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Alastair George and Basil Baldwin — Orienteering

Alastair George and Basil Baldwin — Orienteering

“Orienteering is for everybody, it really is, and I think it should have much greater recognition than it has,” says Basil Baldwin, President of our local Goldseekers Orienteering Club.

The modern sport of orienteering involves using a map to navigate an unknown course over various types of terrain. Competitions are held over various distances and can be held in parks, urban environments, forests and bushland.

The sport originated in 19th Century Sweden, where it grew out of navigation training for military officers. 

Basil, who recently turned 80, has been involved in orienteering for 45 years and loves the challenge of it.

“It is active, it is thinking, it helps people's fitness, it is something you can do at all ages and something you can do as a family,” he said

“I recently had my second 40th birthday and I'm still doing it and enjoy every minute of it!”

Last week, the Goldseekers hosted Australian Junior Representative and Orienteering Coach Alastair George who visited local schools to give students a taste of the sport.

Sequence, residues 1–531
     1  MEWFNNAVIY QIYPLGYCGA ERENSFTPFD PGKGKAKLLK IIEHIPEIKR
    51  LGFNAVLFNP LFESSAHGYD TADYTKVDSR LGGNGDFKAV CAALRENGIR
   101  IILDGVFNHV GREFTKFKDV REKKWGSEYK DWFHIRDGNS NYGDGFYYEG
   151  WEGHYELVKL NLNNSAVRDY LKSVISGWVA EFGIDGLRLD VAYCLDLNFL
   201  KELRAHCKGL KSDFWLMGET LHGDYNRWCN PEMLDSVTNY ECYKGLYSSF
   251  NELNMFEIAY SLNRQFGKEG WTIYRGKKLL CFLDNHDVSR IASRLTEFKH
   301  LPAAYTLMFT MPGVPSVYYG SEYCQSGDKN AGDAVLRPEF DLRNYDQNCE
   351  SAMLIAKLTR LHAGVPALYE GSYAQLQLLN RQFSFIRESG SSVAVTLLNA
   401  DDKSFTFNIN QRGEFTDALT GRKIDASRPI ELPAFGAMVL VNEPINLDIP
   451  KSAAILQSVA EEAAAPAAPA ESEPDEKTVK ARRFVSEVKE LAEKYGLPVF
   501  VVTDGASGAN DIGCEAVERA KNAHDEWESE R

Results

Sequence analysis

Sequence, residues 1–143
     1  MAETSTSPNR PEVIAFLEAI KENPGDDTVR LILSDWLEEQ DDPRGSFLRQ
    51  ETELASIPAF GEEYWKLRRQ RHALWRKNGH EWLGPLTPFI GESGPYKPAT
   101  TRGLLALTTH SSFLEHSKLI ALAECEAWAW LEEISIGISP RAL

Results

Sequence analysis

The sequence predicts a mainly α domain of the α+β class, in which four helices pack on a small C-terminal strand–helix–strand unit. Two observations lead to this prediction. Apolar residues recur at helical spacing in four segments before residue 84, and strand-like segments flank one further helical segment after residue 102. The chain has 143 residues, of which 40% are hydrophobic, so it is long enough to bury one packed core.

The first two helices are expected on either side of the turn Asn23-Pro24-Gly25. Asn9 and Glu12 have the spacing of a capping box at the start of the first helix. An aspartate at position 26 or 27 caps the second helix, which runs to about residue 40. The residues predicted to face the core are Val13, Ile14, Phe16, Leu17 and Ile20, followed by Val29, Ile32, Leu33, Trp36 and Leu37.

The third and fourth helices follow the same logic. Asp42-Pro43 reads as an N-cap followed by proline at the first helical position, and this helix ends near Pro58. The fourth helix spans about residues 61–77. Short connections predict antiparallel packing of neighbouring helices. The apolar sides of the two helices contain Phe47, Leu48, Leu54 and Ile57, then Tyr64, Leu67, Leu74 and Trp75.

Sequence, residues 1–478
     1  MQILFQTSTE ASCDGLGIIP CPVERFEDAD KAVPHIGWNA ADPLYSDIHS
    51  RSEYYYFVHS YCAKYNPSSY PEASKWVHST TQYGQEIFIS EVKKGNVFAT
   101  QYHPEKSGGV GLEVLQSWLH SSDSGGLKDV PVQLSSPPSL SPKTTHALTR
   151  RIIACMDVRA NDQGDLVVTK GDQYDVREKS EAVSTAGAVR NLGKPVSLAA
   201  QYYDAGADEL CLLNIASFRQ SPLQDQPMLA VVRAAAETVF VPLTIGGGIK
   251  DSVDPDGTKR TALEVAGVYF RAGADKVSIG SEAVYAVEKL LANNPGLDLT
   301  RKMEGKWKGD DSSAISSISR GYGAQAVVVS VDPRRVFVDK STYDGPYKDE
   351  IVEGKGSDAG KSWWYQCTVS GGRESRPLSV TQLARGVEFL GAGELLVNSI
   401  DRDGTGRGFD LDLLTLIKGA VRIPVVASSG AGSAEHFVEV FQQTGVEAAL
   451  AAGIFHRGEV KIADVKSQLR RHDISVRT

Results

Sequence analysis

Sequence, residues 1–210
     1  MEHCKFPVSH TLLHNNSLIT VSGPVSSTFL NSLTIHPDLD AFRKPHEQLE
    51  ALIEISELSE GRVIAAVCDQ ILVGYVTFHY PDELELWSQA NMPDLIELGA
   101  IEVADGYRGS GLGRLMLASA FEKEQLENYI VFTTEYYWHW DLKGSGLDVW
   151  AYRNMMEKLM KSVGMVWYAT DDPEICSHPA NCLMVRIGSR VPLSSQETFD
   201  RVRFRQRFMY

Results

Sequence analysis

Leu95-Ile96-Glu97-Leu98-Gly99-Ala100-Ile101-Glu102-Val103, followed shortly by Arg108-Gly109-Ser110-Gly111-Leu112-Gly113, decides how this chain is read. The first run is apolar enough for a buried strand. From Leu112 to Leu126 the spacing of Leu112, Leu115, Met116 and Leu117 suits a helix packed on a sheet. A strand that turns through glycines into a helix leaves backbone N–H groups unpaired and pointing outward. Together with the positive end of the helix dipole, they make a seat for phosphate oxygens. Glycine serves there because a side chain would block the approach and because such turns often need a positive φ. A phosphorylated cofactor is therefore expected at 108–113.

19-year-old Alastair has twice represented Australia at Junior World Orienteering Championships and is currently coach-in-residence with Orienteering NSW.

Alastair’s parents are also both active in the sport.

“My parents did it from before I was born and I was just dragged to events since I can remember really,” he said.

“I love how it gets you out and about and I love running in the bush… you are out in the wild and it gets pretty intense sometimes.”

At the top levels Alastair competes at, orienteering athletes require speed, agility and most of all endurance.

“You are running through terrain that's soft underground, you might be falling over, you've got to pick yourself up, you've got to jump over logs and stuff… it really feels a lot worse than running on the road and your pace is a lot slower as you've also got to read the map and when you get towards the end of a course you get really fatigued and it can be really hard to bring your head in and figured out which way to go,” he said.

While just a small sport in Australia, Alastair said he has been among 30,000 competitors at competitions in Europe.

For anyone interested in trying Orienteering, the Goldseekers are currently running a spring program of events at various local parks on Thursday evenings.

“They are open to anybody and everybody,” said Basil. “There will be family groups and older people and for each event we have three courses… you don't have to do the longest, hardest one, you just do what suits you.”

Visit goldseekers.org or find them on Facebook for more information.

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